Some people contend that money placed into trust is protected and thus can't be considered for the purposes of alimony, child support, or division of property. Remember that if you are trying to dissolve the trust you need to keep in mind whether one of the parties is in fact the trustee. If one of the parties is not the trustee and thus the trust is a separate entity you will need to act accordingly. If this is the case and you want to dissolve the trust then you will need to name the trust as a party. Without naming the trust as a party, the court will not have jurisdiction over the trust. Thus get the trust documents if you are counsel so that you understand who the players are and what the provisions are. You need to know what the corpus, or body, of the trust is as well.

There are times when you will be dealing with offshore assets. Other times you will be suspicious that offshore assets do in fact exist. Tax returns can be a useful tool for discovering these assets. Tax returns will state whether individual tax payers have foreign offshore accounts. So look to the tax returns to see if there these accounts exist. Foreign countries now are under an obligation to provide an accounting to the United States for monies deposited abroad. This information can be found on the tax return.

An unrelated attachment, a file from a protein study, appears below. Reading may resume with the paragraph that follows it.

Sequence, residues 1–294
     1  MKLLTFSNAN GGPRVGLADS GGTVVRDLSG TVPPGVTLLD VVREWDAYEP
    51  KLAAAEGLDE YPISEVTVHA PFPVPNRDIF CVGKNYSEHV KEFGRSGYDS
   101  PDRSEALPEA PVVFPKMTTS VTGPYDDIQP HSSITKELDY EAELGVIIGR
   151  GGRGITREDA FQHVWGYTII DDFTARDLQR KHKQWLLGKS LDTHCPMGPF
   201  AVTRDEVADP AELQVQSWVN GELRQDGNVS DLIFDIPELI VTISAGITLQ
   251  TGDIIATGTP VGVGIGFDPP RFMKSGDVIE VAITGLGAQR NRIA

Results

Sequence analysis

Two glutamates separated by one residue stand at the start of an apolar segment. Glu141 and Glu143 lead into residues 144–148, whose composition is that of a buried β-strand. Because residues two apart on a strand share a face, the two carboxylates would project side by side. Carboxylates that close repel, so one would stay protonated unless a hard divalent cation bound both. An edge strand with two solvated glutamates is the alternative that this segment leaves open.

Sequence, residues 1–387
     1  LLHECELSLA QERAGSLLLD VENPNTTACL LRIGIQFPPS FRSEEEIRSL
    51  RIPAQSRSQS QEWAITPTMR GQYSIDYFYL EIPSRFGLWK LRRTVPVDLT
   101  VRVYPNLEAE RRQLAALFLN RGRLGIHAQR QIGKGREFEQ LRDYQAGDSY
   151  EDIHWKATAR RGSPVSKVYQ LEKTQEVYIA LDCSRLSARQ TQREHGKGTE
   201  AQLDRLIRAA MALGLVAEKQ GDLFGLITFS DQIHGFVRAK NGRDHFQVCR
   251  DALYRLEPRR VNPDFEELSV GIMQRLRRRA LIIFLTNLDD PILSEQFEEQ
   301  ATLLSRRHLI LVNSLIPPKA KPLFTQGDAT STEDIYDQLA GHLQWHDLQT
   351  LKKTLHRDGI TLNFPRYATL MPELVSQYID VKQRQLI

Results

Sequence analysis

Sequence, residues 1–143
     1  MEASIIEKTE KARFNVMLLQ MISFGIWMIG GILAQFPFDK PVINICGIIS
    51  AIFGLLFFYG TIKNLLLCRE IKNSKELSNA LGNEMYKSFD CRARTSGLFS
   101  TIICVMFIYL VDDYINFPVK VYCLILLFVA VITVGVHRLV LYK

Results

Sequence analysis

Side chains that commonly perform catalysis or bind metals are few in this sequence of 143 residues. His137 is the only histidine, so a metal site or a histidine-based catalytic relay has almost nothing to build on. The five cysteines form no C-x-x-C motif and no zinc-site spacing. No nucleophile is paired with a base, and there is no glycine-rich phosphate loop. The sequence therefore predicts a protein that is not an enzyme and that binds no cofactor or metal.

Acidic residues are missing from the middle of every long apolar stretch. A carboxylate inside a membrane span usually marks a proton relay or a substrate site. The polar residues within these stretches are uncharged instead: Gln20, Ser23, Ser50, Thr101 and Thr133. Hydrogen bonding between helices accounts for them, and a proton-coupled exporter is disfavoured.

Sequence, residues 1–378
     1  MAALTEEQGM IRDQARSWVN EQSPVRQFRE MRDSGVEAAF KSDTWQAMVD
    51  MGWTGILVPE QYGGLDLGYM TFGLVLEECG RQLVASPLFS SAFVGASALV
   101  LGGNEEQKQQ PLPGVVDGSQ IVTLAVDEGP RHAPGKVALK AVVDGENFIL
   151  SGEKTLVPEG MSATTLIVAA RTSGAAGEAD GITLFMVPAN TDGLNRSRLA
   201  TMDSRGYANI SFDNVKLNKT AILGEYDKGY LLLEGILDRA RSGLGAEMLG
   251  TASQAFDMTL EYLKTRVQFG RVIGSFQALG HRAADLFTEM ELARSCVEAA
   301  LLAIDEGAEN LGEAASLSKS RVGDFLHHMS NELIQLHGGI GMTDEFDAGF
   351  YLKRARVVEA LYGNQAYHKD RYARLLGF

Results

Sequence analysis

If you are investigating a business that operates on a cash basis you will need to know how to investigate that return. If you go to the IRS website you can find a link for "cash intensive business audit techniques guide". This guide is a great resource for learning what to look for when evaluating a return. As counsel you should review this guide frequently. This guide will give you some clues which can be valuable in determining true income and a good resource for cross examination to boot. This is particularly useful for cash businesses.

Generally speaking it is a good idea to do the initial analysis yourself when evaluating the cash business. However, after you get past this initial evaluation you need to be consulting with a forensic accountant. Your forensic accounting will usually be able to get through the numbers faster and more cheaply than you as counsel can. Additionally, your CPA will add credibility to your position at trial.

If you are valuing the business you should first apply the excess earnings approach to determine if you even have a goodwill asset. This method looks to what the business owners actual income is and what his or her income would be if he or she was simply am employee in that same capacity. The excess amount over and above what that professional would be paid simply as an employee is the goodwill component. There are of course other valuation methods which I have outlined in other articles.